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NOS4A2

TV review by
Marty Brown, Common Sense Media
NOS4A2 TV Poster Image
Toothless vampire drama does have lots of violence.

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A lot or a little?

The parents' guide to what's in this TV show.

Positive Messages

Vic tries to find healthy ways to cope with familial and personal trauma.

Positive Role Models & Representations

Vic is set up to be a good kid in a tough family situation who altruistically fights to help others.

Violence

For a horror show, NOS4A2 keeps the gore relatively light, but does depict violent and unnerving acts, such as the abduction of a young boy and the murder of his parents. There's also an issue with domestic violence involving two of the main characters.

Sex

Mild flirting. However, sexuality tends to be a major motif in vampire stories, so there's potential for more sexual content as the show evolves.

Language
Consumerism
Drinking, Drugs & Smoking

Teens smoke cigarettes and use marijuana. Many characters on the show also consume alcohol to excess, and the McQueen parents appear to be alcoholics.

What parents need to know

Parents need to know that NOS4A2 is a horror-drama that takes a unique approach to the vampire story. Instead of sucking blood, its main villain, Charlie Manx (Zachary Quinto) telepathically feeds on children's souls and sends henchmen to do his dirty work for him. Though there's surprisingly little blood involved, given the subject, NOS4A2 does have outbursts of violence where, for example, one victim has her neck broken. Outside of Manx, the show functions mostly as a teen drama, focusing on its protagonist, Vic McQueen (Ashleigh Cummings), and her family and social circle. There's a lot of alcohol involved, and McQueen's mother and father both appear to be alcoholics. There's also the potential for sexual situations, a vampire story staple, though the show seems to want to walk the fine line of being appropriate for teens while still seeming edgy.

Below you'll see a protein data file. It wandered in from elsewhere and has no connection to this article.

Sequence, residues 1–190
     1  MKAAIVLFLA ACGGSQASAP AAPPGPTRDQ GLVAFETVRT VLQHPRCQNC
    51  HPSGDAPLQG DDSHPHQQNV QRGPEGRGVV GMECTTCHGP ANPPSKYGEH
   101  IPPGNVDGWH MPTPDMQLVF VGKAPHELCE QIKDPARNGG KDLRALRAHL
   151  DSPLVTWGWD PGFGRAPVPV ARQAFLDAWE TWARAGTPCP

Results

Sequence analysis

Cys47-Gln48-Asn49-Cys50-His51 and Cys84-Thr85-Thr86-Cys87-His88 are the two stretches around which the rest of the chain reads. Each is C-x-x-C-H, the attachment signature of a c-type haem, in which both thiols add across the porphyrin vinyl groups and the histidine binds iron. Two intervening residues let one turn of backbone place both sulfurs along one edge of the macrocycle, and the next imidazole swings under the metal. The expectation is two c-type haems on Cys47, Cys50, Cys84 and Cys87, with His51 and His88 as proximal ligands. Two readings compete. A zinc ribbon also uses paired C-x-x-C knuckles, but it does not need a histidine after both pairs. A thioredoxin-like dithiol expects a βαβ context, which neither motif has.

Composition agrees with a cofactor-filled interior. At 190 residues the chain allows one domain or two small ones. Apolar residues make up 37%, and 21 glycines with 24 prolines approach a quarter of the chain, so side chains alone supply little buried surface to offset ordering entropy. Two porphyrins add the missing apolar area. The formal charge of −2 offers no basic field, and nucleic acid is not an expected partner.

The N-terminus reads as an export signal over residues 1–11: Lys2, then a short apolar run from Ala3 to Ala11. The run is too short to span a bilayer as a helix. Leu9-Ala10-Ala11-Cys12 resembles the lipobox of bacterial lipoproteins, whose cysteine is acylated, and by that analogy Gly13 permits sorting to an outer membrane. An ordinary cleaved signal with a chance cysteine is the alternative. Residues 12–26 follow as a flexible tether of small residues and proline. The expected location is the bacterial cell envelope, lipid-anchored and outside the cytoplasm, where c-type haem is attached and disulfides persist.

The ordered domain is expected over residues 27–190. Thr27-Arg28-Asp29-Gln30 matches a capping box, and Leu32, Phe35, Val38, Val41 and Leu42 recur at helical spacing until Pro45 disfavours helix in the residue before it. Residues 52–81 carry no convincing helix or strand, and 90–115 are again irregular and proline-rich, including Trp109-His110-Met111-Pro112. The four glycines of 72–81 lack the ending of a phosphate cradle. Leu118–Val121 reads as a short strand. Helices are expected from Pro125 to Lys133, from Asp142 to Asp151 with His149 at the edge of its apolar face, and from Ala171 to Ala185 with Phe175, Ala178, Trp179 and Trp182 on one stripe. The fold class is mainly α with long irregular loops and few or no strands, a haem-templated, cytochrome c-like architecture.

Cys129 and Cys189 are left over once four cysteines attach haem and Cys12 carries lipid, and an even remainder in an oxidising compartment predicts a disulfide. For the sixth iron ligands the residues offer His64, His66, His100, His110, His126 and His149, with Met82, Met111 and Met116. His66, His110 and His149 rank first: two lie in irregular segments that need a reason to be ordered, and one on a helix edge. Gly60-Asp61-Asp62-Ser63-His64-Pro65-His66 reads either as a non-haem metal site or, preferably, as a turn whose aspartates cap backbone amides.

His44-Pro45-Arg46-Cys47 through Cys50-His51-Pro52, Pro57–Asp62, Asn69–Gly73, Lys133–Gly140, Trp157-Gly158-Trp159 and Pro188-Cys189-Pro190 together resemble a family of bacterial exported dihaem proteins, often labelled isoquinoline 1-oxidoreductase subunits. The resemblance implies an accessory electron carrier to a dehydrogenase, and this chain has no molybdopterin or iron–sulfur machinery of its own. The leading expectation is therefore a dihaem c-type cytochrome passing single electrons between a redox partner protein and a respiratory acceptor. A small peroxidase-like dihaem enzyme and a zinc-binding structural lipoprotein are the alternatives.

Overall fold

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What's the story?

In NOS4A2, a young boy is lured into the back of an old-fashioned limousine, driven by a ghoul named Charlie Manx (Zachary Quinto). One of Manx's henchmen is dispatched to kill the boy's parents while Manx drives him away to Christmasland, "where every day is Christmas Day and unhappiness is against the law." Shortly thereafter, Vic McQueen (Ashleigh Cummings), a high school student who cleans houses part time for her mother, discovers that she has a strange psychic rapport with Manx. When McQueen discovers that Manx is an immortal who feeds on children's souls, she realizes that it's up to her to stop him. 

Is it any good?

The title is a play on F.W. Murnau's 1922 silent film Nosferatu, which lifted its story from Bram Stoker's Dracula, but this series doesn't bear much resemblance to either. Instead, its vampire supervillain feels more like a vague amalgamation of monsters -- a ghoul who lures children into his car with Christmas presents, has henchmen murder their parents, and feeds on their souls to remain eternally young. Vic has similarly vague superpowers, and the show feels more interested in its trite depiction of the rich/poor class dynamics amongst McQueen's family and friends. A modern take on the classic vampire story could have had some life in it, but NOS4A2 is unfortunately bone dry.

Talk to your kids about ...

  • Families can talk about Charlie Manx. Is he a vampire? How is he different or similar to vampires in other shows or fantasy worlds? Why would NOS4A2 want to mess with the vampire archetype? How does it inform the action on the show?

  • What is Vic's relationship with her parents like? Why? How does alcohol affect those relationships?

  • How does Vic interact with her peers? How does Vic's home life affect her socially?

TV details

Themes & Topics

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